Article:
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RipStik Vs. RipStik Air

author image Carly Schuna
Carly Schuna is a Wisconsin-based professional writer, editor and copy editor/proofreader. She has worked with hundreds of pieces of fiction, nonfiction, children's literature, feature stories and corporate content. Her expertise on food, cooking, nutrition and fitness information comes from years of in-depth study on those and other health topics.
RipStik Vs. RipStik Air
A RipStik Air is lightweight and helps riders jump and flip. Photo Credit Jupiterimages/Photos.com/Getty Images

The RipStik and RipStik Air caster boards are children's toys that look like wavy skateboards --- instead of going straight, however, the wheels are tilted so that the rider powers the boards by swerving from side to side. The twist on a traditional skateboard design proved popular; in 2009, RipStik was named the Outdoor Toy of the Year in "Licensing Update 2009" by Gregory Battersby and Charles Grimes.


The RipStik Classic and RipStik Air have the same general body shape, but each comes in different colors. The Air has gray, blue and red versions, and the Classic model comes in five different shades: blue, green, pink, red and silver. Aside from the black rod in the center of the RipStik Classic and the thin platform in the center of the Air, the two models appear nearly identical; however, there are several differences in construction and design.


Both models of RipStik are designed for general riding and "carving," or traveling forward in a side-to-side motion as with a snowboard. Additionally, both boards have the capacity to do traditional skateboarding tricks, including manuals and ollies, as well as aerial tricks like kickflips and jumps. While the models are similar in price, the Air does cost more. Potential buyers should also keep in mind that neither model of the RipStik travels successfully on bumpy surfaces or hills; they're designed for smooth, level ground.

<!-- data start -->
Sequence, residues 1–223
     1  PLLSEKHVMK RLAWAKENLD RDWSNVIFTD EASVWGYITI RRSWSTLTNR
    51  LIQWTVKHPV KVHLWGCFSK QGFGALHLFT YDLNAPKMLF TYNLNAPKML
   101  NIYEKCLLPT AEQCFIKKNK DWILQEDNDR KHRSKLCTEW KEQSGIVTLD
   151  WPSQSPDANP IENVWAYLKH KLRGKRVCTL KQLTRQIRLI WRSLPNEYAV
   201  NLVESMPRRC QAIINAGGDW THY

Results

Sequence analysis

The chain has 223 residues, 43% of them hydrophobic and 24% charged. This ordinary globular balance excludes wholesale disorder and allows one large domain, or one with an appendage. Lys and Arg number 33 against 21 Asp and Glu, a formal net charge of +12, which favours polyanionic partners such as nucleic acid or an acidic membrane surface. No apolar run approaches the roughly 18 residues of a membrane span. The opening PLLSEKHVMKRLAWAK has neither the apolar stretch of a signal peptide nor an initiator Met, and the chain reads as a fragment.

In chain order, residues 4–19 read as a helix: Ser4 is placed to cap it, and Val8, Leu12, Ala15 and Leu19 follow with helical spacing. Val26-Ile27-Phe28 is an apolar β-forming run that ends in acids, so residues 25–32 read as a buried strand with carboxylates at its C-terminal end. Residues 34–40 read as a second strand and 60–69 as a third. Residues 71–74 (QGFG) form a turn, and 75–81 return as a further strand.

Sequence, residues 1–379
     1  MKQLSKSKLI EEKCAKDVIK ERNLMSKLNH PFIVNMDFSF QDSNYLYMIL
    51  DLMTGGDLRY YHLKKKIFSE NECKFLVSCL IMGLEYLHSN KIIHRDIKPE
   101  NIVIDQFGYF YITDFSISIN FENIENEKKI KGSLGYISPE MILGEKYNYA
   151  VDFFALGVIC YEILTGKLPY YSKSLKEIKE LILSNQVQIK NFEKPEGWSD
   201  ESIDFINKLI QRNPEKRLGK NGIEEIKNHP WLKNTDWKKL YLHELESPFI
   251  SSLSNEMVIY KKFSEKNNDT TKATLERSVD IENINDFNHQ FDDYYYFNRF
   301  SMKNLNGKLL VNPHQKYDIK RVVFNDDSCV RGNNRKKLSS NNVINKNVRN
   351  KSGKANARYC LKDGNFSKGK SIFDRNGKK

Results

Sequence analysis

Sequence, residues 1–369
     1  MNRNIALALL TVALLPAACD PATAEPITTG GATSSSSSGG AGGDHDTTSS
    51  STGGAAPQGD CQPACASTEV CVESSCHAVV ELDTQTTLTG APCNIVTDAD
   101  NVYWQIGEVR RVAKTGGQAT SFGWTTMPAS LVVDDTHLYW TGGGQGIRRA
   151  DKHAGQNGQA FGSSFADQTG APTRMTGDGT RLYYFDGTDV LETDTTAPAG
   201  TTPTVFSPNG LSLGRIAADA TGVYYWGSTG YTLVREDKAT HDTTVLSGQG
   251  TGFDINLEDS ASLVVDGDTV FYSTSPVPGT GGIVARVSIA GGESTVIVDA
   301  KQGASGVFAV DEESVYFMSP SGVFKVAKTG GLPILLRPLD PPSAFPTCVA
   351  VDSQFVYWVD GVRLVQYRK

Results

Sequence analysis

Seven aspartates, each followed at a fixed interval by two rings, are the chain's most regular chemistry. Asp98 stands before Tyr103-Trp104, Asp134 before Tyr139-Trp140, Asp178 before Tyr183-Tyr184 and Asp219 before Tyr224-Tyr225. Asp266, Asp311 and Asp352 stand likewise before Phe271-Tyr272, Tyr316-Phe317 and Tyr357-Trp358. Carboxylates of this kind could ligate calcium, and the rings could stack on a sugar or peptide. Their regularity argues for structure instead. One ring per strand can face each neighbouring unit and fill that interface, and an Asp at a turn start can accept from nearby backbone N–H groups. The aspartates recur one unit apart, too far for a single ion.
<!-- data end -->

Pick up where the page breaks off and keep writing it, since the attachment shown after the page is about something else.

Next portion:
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Whereas the RipStik Classic focuses on basic riding and movement, the Air is specially constructed to perform well with aerial tricks. According to the official Ripstik website, the Air weighs less than the Classic, so it's easier for riders to hoist it off the ground, and it contains a spring in its center platform that is intended to center riders as they land. Finally, the RipStik Air is a bit more symmetrical and flatter than the Classic, which has a nose that is slightly bent to curve up about half an inch and a tail shaped like a fin, which curves up about an inch. The Air does curve up slightly at the nose, which is narrower, but its tail is flatter to allow riders to easily stamp down on it and propel the board off the floor.


To stay safe while riding either model of RipStik, wear a helmet, kneepads and elbow pads. The boards can jut out from under riders, especially during the learning process or while performing difficult tricks. Finally, it's important to realize that the wheels on both the RipStik Classic and RipStik Air will wear down and grow slick over time and with continued use, which can pose an additional threat. To keep the boards in top shape, replace the wheels every few months.

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